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astonished to find the face was that of the cruel monster who had so barbarously murdered her husband years before, and who had thus reaped the reward of his actions.

And now, at last, their great enemy being dead, mother and son could live in peace and comfort. They had wealth enough, having recovered a great part of what the giant had stolen ; and it was greatly to the poor widow's satisfaction that

l; the bean-stalk did not grow up again, but withered away few days. You will be glad to hear, moreover, that Jack was cured of his heedlessness by what had occurred. When he reflected on what his mother had suffered, he would have been ashamed to make her suffer more. Love for the dear aged parent did what all scolding and precept had failed to do; and cherished by her son, and beyond the reach of want, the widow lived to a good old age.

Dear children, there is a moral in every tale. Learn from Jack and the Bean-stalk” that ill-gotten wealth will never prosper, and that every deed of cruelty, whether it be great or

, whether it be trifling, brings its own punishment upon the evildoer.


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HOEVER has made a voyage up

the North American River Hudson, must remember the Kaatskill Mountains. They are a dismembered branch of the great Appalachian family, and are seen away to the west of the river, swelling up to a noble height, and lording it over the surrounding country. When the weather is fair and settled, they are clothed in blue and purple, and print their bold outlines on the clear evening sky; but sometimes, when the rest of the landscape is cloudless, they will gather a hood of grey vapours about their summits, which, in the last rays of the setting sun, will :glow and light up like a crown of glory.

NOTE.—In this abridged version of Washington Irving's charming story, the words of the author have been preserved; the story being merely shortened and simplified by the omission of political and other allusions, that are beyond the comprehension of children. The whole story is founded on the old German superstition concerning the Emperor Frederick Barbarossa, and the Kyffhauser mountain.

At the foot of these fairy mountains, the voyager may have descried the light smoke curling up from a little village of great antiquity, having been founded by some of the Dutch colonists in the early times of the province.

In that same village and in one of these very houses (which, to tell the precise truth, was sadly timeworn and weather-beaten), there lived many years since, while the country was yet a province of Great Britain, a simple, good-natured fellow, of the name of Rip Van Winkle. He was, moreover, a kind neighbour, and an obedient, henpecked husband. Indeed, to the latter circumstance might be owing that meekness of spirit which gained him such universal popularity. A termagant wife may, therefore, in some respects, be considered a tolerable blessing; and if so, Rip Van Winkle was thrice blessed.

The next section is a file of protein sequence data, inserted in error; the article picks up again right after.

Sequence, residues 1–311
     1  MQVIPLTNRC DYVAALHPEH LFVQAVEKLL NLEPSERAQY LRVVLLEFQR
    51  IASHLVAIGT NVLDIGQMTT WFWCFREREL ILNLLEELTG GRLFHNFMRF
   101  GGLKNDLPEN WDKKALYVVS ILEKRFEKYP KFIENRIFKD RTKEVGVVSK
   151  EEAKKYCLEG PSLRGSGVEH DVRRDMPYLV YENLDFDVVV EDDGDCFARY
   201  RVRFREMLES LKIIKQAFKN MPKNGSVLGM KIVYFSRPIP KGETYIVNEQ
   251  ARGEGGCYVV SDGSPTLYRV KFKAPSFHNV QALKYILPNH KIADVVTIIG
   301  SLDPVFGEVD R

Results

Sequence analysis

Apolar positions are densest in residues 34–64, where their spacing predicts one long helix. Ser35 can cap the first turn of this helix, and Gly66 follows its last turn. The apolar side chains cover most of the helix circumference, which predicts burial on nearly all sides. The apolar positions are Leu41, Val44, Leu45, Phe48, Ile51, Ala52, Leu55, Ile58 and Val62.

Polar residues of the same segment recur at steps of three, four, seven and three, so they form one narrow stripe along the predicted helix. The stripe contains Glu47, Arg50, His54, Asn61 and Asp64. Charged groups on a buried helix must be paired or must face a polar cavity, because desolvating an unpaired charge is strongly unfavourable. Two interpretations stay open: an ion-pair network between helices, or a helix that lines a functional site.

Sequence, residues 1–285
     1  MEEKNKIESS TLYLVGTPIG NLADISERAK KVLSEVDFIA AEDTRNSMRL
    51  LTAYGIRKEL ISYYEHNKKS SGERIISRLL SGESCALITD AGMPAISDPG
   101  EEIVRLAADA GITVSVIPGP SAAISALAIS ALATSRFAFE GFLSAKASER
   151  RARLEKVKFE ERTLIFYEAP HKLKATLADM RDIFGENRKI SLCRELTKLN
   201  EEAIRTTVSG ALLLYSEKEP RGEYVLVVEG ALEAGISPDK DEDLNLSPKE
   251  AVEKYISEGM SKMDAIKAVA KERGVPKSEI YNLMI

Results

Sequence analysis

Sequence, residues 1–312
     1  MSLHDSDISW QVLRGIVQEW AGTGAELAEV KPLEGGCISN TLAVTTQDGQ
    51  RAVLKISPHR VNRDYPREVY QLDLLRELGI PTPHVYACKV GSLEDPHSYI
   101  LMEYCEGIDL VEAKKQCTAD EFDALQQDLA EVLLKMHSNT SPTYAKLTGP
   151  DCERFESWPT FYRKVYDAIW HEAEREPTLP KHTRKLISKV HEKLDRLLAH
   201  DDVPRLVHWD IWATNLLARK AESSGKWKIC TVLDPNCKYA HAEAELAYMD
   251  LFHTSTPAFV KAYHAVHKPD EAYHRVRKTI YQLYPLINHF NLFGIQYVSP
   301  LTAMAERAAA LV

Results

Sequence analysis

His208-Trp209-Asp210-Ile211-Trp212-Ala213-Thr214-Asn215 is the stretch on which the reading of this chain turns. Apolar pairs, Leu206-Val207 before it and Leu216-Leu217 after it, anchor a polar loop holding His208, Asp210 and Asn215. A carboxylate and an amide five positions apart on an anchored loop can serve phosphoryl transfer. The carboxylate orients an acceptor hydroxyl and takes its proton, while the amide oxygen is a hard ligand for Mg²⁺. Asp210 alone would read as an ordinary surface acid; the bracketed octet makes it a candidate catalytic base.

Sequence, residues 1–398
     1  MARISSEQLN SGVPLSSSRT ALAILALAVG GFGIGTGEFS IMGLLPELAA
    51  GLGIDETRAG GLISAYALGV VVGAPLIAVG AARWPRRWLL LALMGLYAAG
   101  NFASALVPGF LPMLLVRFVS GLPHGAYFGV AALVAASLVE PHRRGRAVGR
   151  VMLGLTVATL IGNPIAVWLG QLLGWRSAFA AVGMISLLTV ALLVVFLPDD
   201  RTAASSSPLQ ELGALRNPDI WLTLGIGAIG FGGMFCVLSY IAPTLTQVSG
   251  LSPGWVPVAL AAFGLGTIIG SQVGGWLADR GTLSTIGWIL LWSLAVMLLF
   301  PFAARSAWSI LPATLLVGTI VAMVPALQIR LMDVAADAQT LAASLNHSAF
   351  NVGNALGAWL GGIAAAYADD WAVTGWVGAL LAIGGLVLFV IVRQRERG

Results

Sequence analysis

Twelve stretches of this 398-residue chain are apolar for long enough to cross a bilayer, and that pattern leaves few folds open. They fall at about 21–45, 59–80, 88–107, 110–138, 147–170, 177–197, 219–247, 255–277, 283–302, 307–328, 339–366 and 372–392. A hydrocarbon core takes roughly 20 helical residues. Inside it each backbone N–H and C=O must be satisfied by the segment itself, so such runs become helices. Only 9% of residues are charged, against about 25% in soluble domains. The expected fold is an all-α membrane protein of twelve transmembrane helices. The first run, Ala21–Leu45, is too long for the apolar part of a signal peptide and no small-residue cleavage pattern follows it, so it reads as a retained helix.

Certain it is that he was a great favourite among all the good wives of the village, who took his part in all family squabbles; and never failed, whenever they talked those matters over in their evening gossipings, to lay all the blame on Dame Van Winkle. The children of the village, too, would shout with joy whenever he approached. He assisted at their sports, made their playthings, taught them to fly kites and shoot marbles, and told them long stories of ghosts, witches, and Indians. Whenever he went dodging about the village, he was surrounded by a troop of them, hanging on his skirts, clambering on his back, and playing a thousand tricks on him with impunity; and not a dog would bark at him throughout the neighbourhood.

The great error in Rip's composition was an insuperable

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aversion to all kinds of profitable labour. Rip was ready to attend to anybody's business but his own ; but as to doing family duty, and keeping his farm in order, he found it impossible.

In fact, he declared it was of no use to work on bis farm; it was the most pestilent little piece of ground in the whole country ; everything about it went wrong, and would go wrong, in spite of him. His fences were continually falling to pieces; his cow would either go astray, or get among the cabbages; weeds were sure to grow quicker in his fields than anywhere else; the rain always made a point of setting in just as he had some out-door work to do.

His children, too, were as ragged and wild as if they belonged to nobody. His son Rip promised to inherit the habits, with the old clothes of his father.

Rip Van Winkle, however, was one of those happy mortals, of foolish, well-oiled dispositions, who take the world easy, eat white bread or brown, whichever can be got with least thought or trouble, and would rather starve on a penny than work for a pound. If left to himself, he would have whistled life away in perfect contentment; but his wife kept continually dinning in his ears about his idleness, his carelessness, and the ruin he was bringing on his family. Rip had but one way of replying to all lectures of the kind, and that, by frequent use, had grown into a habit. He shrugged his shoulders, shook his head, cast up his eyes, but said nothing.

Rip's sole domestic adherent was his dog Wolf, who was as much henpecked as his master; for Dame Van Winkle regarded them as companions in idleness, and even looked upon Wolf with an evil eye, as the cause of his master's going so often astray.

Poor Rip was at last reduced almost to despair ; and his only alternative, to escape from the labour of the farm and clamour of his wife, was to take gun in hand and stroll

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